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TrueMana Group

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Ali Sorokin
Ali Sorokin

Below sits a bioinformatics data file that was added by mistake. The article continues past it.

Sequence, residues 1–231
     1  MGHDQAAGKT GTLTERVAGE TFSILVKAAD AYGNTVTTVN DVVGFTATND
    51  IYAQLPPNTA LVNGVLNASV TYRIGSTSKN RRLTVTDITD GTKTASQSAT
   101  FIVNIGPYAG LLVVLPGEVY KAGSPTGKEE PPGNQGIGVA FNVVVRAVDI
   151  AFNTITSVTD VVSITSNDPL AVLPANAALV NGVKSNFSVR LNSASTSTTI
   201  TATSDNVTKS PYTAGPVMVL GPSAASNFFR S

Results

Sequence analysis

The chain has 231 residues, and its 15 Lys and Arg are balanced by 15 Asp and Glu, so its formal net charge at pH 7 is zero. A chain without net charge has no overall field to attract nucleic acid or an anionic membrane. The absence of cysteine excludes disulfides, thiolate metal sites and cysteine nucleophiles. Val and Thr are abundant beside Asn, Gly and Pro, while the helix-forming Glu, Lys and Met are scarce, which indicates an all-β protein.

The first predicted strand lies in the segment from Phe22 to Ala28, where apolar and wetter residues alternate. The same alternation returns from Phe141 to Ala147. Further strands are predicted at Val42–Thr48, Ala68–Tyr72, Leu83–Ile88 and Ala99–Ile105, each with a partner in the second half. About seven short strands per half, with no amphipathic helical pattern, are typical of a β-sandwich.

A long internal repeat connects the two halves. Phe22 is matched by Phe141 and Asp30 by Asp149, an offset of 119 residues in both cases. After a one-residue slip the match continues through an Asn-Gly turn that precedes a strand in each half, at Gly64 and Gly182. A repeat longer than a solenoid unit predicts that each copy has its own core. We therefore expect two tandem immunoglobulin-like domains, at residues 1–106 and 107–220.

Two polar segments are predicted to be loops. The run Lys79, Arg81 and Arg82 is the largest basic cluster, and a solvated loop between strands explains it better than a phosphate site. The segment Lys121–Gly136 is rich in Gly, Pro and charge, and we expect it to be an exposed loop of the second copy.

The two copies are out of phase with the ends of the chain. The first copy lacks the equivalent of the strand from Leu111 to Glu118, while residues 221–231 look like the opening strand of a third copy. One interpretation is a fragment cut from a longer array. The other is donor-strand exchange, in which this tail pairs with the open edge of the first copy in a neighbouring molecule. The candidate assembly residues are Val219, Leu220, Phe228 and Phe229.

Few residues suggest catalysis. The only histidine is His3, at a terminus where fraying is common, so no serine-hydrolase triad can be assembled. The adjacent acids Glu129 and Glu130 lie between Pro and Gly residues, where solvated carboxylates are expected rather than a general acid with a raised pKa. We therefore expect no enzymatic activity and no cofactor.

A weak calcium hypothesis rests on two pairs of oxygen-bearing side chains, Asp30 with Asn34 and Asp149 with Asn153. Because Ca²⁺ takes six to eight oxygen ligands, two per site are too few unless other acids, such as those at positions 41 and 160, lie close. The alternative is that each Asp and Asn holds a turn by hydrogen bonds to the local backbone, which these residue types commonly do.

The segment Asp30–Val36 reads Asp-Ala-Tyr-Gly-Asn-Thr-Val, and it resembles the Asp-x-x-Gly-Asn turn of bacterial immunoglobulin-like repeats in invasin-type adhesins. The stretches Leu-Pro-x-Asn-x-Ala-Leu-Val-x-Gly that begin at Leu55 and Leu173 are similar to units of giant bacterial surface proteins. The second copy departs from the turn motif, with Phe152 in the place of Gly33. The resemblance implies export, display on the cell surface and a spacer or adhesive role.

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Hepatolithiasis is a challenging condition to treat especially in patients with previous hepatobiliary surgery. Percutaneous Transhepatic Cholangioscopic Lithotripsy (PTCSL) is an attractive salvage option for the treatment of recurrent hepatolithiasis. We reviewed our experience using PTCSL in treating 4 patients with previous complex abdominal surgery. We studied the 4 patients who underwent PTCSL from October 2007 to July 2009. We reviewed the operative procedures, workflow of performing PTCSL in our institution and the outcome of the procedure. PTCSL was performed in our institution using 3 mm cholangioscope (Dornier MedTech()) and Holmium laser with setting at 0.8 J, 20 Hz and 16 W. This was performed through a Percutaneous Transhepatic Cholangio-catheter inserted by interventional radiologists. There were 4 patients with a median age of 50 (43-69) years. The median duration of the condition prior to PTCSL was 102 (60-156) months. Three patients had recurrent pyogenic cholangitis (RPC) with recurrent intrahepatic stone. They all had prior complex hepatobiliary operations. The median duration of surgery was 130 (125-180) min. There was minimal intra-operative blood loss. The first procedure was performed under local anaesthesia and sedation, however, with experience the subsequent 3 patients had the procedure performed under general anaesthesia. The median size of bile duct was 18 (15-20) mm prior to the procedure. The number of stones ranged from one to three with the largest size of stone comparable to the size of bile duct. The median follow up was 18 (10-24) months. All patients were symptom free with neither stone recurrence or cholangitis at the last follow up. PTCSL is a feasible and an effective treatment method for patients with recurrent biliary stone following complex abdominal surgery as the success rates from open surgery and endoscopic procedures are limited. Excellent results can be expected with this minimally invasive technique. Copyright 2010 Royal College of Surgeons of Edinburgh (Scottish charity number SC005317) and Royal College of Surgeons in Ireland. Published by Elsevier Ltd. All rights reserved. 350c69d7ab


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